Cooperative Fish and Wildlife Research Units Program: Washington
Education, Research and Technical Assistance for Managing Our Natural Resources

Washington Project

Upper Lewis River reservoir Food Webs & Anadromous salmon introductions

March 2013 - September 2015


Participating Agencies

  • USGS Northern Rocky Mountain Science Center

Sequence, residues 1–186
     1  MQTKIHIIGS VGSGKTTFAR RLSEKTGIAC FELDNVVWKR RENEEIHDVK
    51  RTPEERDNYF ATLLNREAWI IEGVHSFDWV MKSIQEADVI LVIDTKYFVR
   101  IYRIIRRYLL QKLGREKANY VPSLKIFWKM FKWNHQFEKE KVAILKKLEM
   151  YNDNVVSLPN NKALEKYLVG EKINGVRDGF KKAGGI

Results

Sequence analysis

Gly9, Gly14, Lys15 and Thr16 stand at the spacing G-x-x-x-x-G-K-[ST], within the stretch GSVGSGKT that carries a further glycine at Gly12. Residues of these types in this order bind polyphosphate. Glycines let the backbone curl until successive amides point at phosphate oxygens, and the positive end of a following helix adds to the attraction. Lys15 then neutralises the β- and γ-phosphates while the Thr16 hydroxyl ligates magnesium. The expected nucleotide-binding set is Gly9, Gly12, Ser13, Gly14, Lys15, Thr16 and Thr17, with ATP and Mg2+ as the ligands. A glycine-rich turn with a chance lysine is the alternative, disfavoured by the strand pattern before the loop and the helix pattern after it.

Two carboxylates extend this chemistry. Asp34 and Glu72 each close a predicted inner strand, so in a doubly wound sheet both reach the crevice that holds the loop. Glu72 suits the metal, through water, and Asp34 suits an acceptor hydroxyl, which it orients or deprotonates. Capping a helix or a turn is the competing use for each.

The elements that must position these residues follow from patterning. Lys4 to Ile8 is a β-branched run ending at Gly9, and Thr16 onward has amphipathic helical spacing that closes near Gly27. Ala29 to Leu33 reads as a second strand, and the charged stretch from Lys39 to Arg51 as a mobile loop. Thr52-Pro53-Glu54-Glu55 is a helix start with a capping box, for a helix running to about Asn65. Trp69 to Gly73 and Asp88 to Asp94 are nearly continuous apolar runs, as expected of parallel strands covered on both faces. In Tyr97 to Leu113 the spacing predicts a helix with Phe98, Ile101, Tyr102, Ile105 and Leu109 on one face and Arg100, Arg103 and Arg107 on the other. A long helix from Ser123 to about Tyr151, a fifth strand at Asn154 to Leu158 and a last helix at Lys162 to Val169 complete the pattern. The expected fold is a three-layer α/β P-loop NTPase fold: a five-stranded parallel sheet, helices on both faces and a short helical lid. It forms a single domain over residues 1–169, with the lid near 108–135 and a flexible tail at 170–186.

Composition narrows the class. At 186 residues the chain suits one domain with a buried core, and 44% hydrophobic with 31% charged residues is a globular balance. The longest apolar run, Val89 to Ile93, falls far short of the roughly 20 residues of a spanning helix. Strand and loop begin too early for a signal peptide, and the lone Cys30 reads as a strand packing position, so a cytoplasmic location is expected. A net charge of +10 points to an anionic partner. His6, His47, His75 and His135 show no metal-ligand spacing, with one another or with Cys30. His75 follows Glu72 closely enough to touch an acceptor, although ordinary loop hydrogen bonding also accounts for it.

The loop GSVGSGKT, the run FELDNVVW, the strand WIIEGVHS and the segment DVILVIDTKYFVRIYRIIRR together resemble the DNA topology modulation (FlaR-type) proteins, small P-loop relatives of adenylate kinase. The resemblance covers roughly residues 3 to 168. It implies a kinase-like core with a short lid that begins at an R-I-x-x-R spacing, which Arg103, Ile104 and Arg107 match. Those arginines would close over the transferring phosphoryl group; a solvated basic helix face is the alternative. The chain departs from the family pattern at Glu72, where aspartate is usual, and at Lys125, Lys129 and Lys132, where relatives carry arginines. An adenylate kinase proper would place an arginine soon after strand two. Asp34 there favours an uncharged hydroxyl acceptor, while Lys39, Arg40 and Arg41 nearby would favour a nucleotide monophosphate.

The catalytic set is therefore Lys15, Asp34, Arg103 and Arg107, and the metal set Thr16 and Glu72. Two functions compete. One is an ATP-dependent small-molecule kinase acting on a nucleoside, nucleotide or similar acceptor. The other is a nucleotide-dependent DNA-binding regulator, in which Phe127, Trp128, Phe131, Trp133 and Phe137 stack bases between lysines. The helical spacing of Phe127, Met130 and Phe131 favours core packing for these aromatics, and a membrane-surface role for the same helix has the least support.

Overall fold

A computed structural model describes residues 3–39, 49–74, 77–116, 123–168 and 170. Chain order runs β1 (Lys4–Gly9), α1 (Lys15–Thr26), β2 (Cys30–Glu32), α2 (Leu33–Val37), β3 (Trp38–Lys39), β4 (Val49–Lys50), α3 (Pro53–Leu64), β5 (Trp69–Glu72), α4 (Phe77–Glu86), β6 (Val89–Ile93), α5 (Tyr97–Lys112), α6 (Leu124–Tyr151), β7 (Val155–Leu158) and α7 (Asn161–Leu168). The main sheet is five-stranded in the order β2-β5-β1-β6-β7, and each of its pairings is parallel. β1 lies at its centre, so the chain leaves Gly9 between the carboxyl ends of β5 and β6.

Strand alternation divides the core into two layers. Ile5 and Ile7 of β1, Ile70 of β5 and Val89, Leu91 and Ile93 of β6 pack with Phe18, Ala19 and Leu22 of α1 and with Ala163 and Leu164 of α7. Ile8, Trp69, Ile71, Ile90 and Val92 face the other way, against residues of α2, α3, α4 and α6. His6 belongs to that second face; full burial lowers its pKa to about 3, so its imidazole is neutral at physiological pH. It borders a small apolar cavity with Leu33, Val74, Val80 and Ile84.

Re-introduction of anadromous salmonids above previously impassable dams is becoming an increasingly common mitigation strategy in the Pacific Northwest. The reservoirs impounded by these dams create novel habitats that juvenile salmonids can use for rearing and migration corridors. Therefore, understanding how environmental conditions, seasonal food supply, competition, and predation influence potential growth and survival of juvenile salmonids will be important when evaluating the feasibility of proposed re-introductions above historically impassable dams. Temperature, food availability, and predation risk form vertical gradients determining growth and survival for fish in lakes and reservoirs. These gradients change on inter-annual, seasonal, and diel temporal scales and are strongly influenced by climatic variability, conflicting water demands and management. Temperatures associated with optimal growth and energy loss vary both among life stages and species, but the quantity, quality, and spatial distribution of available food resources can significantly alter these thermal responses. By combining data or projections of thermal stratification regimes with the vertical distribution of prey and bioenergetic capabilities of species and life stages of fish, we can formulate predictions about spatial-temporal overlap among prey, competitors and predators. When overlaid on life history requirements, we can identify potential bottlenecks to growth or survival and evaluate responses to climatic variability, water management, or new species.